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Let's end the debate on supermajority vote | Guest op
By Jason Mercier
For the Auburn Reporter
In November the people of Washington will vote on Initiative 1185. The measure would reaffirm the nearly 20-year-old state law requiring that tax increases pass with a two-thirds vote in the Legislature or receive voter approval.
If voting on this requirement feels like déjà vu all over again, that's because it is.
Voters in Washington have enacted or confirmed the two-thirds vote requirement four times, in 1993, 1998, 2007 and 2010.
Requiring a supermajority vote in the legislature to increase taxes is not unique to our state. Eighteen states – counting Washington – have some form of supermajority vote requirement for tax increases, including Oregon and California.
Of the states with supermajority tax limitations, however, only the requirements in Washington and Wisconsin were enacted as ordinary law. The requirements in all other the states are part of the state constitution.
I-1185 allows voters to clearly frame the state's budget debate. Washington budget writers face a projected $1 billion budget shortfall for the 2013-15 biennium, despite projected revenue growth of $1.5 billion. Without a two-thirds vote restriction, the legislature is likely to consider passing substantial tax increases.
If voters pass I-1185, however, lawmakers will shift away from trying to raise taxes and focus on fundamental budget reform and restructuring state spending.
Aside from the budget impact, if the two thirds vote requirement is adopted for the fifth time, constitutional reform is still needed. The voters have voiced their support for a two-thirds vote restriction on four separate occasions, only to have the legislature routinely suspend these requirements.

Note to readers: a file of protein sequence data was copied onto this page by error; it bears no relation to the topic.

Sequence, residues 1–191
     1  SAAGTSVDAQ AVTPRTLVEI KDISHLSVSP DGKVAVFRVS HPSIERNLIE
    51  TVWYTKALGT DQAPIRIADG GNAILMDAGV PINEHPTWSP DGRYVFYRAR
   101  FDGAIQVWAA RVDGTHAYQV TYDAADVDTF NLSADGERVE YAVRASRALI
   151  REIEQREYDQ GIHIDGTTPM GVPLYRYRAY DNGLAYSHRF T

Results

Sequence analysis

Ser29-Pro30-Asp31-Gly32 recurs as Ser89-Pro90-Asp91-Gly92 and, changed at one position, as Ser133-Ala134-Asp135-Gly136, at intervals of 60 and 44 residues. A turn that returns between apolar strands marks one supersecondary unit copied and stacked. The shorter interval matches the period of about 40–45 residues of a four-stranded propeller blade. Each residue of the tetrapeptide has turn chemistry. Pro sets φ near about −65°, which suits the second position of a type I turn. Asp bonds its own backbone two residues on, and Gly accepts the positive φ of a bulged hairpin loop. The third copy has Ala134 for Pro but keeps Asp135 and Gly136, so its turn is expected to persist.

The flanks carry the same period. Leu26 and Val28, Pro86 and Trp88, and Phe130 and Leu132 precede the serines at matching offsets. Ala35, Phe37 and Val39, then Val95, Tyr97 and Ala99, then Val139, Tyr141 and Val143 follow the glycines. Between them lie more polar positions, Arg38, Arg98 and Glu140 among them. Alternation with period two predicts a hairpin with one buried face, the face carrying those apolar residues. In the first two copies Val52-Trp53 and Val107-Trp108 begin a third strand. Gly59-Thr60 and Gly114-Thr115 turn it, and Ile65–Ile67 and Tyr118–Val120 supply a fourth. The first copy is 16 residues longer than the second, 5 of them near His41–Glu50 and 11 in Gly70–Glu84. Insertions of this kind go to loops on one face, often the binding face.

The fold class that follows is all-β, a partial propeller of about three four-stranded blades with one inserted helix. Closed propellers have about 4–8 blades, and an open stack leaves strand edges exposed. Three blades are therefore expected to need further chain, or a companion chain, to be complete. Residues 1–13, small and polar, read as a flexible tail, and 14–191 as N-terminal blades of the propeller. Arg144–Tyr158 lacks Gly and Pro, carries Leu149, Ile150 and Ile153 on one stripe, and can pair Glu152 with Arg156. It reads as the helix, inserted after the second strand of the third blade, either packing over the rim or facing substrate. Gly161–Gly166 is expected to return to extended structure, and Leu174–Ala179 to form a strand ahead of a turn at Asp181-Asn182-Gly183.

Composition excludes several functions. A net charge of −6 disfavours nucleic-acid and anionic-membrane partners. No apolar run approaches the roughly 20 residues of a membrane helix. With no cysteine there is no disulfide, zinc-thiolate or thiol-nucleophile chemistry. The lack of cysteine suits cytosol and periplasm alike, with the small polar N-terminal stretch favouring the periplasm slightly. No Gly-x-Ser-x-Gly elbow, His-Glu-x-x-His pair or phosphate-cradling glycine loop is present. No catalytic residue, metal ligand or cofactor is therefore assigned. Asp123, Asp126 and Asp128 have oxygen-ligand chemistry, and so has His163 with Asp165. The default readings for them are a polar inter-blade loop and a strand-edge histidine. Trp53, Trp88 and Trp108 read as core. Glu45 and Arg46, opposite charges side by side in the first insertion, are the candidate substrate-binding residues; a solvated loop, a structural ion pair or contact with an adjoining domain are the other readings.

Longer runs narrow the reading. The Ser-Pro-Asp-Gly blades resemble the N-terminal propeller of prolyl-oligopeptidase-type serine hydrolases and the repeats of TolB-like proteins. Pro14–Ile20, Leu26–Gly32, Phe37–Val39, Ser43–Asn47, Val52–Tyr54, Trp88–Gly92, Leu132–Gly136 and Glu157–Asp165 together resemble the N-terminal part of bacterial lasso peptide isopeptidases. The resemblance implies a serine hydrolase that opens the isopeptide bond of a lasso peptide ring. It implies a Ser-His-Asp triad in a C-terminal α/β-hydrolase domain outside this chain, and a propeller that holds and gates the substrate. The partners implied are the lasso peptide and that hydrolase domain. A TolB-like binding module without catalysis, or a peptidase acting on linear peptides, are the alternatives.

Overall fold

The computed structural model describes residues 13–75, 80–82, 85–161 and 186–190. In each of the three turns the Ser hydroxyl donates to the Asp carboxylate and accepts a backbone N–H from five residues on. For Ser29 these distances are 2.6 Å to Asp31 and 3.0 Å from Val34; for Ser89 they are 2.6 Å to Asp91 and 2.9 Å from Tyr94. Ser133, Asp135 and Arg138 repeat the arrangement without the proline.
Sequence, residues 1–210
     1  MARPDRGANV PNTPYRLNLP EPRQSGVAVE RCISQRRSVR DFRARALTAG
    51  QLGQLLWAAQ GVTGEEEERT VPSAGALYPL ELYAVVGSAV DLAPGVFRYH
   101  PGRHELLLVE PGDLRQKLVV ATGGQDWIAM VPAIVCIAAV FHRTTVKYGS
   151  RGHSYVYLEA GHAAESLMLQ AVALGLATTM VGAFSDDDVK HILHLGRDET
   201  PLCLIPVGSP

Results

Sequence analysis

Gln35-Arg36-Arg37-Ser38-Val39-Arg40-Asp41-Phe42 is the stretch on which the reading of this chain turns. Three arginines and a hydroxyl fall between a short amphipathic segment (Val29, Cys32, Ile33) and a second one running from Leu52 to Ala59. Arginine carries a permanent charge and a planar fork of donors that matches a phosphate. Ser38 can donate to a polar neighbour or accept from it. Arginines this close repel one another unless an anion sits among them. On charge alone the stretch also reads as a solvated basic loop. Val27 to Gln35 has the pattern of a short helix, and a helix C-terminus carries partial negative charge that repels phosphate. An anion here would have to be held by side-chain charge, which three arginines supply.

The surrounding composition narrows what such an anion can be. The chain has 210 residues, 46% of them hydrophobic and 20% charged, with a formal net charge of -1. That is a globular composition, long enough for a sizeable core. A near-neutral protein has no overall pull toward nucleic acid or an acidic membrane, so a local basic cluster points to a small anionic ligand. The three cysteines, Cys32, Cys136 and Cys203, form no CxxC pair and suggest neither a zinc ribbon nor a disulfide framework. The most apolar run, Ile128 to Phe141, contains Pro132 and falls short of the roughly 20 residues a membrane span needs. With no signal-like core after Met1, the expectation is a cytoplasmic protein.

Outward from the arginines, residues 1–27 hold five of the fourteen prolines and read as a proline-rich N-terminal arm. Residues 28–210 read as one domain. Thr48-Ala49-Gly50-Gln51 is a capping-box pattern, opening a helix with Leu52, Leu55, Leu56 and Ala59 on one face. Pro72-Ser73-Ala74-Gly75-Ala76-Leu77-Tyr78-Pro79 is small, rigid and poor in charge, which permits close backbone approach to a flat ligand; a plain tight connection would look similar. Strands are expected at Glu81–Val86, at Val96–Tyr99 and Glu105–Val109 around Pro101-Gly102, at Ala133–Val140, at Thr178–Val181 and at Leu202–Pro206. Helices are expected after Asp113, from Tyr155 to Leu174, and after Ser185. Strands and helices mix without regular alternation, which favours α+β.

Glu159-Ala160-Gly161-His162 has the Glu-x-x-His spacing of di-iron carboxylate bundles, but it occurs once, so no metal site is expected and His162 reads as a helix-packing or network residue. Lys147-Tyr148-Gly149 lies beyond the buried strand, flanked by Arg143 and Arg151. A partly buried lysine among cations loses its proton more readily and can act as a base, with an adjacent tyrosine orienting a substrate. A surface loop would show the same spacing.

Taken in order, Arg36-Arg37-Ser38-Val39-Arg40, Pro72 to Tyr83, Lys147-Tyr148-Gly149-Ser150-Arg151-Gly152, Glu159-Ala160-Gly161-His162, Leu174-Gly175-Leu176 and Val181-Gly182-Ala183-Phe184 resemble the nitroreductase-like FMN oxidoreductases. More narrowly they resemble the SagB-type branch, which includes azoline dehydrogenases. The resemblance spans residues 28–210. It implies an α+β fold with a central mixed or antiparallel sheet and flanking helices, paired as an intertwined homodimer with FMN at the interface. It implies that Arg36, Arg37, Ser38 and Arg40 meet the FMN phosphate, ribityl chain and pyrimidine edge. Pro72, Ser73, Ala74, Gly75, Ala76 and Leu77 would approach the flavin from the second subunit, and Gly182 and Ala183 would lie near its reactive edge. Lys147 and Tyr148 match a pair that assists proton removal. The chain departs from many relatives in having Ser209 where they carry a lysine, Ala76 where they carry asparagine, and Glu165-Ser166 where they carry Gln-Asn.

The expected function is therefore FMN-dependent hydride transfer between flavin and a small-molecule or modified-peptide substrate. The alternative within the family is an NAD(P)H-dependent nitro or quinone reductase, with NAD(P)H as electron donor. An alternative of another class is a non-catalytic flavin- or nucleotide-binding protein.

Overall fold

Some will say this recommendation is tied to the recent Court challenge to the law. Undeterred by four straight losses at the ballot box, opponents of the supermajority vote requirement for tax increases are once again trying to have the voter-approved requirement declared unconstitutional. The State Supreme Court is scheduled to hear oral arguments on Sept. 25 challenging the law. A ruling is expected to be issued sometime before the 2013 Legislative Session.
Washington Policy Center has long recommended letting the people vote on whether to make the two-thirds requirement part of the constitution. Should the Court (as it has done the three previous times) reject the challenge to the nearly 20-year-old statutory requirement enacted by the people and legislature on multiple occasions, this question should still be referred to the voters one last time. This would let us get off this seemingly endless merry-go-round of passing the same law over and over again so we can get some certainty on this policy.
A constitutional amendment would provide the public and businesses with predictability about whether this tax protection will exist from year to year and whether or not the four-time (pending fifth) approval of the voters for this policy was a fluke or actually reflects their consistent and ongoing desire for lawmakers to build a strong public consensus on the need for any proposed tax increase.
With voters and lawmakers repeatedly enacting the supermajority vote for taxes requirement over the past 20 years, what could be more representative of the public will than allowing a vote of the people on a constitutional amendment to help end this debate once and for all?
Jason Mercier is the government reform director at Washington Policy Center, a non-partisan independent policy research organization in Washington state. For more information, visit www.washingtonpolicy.org.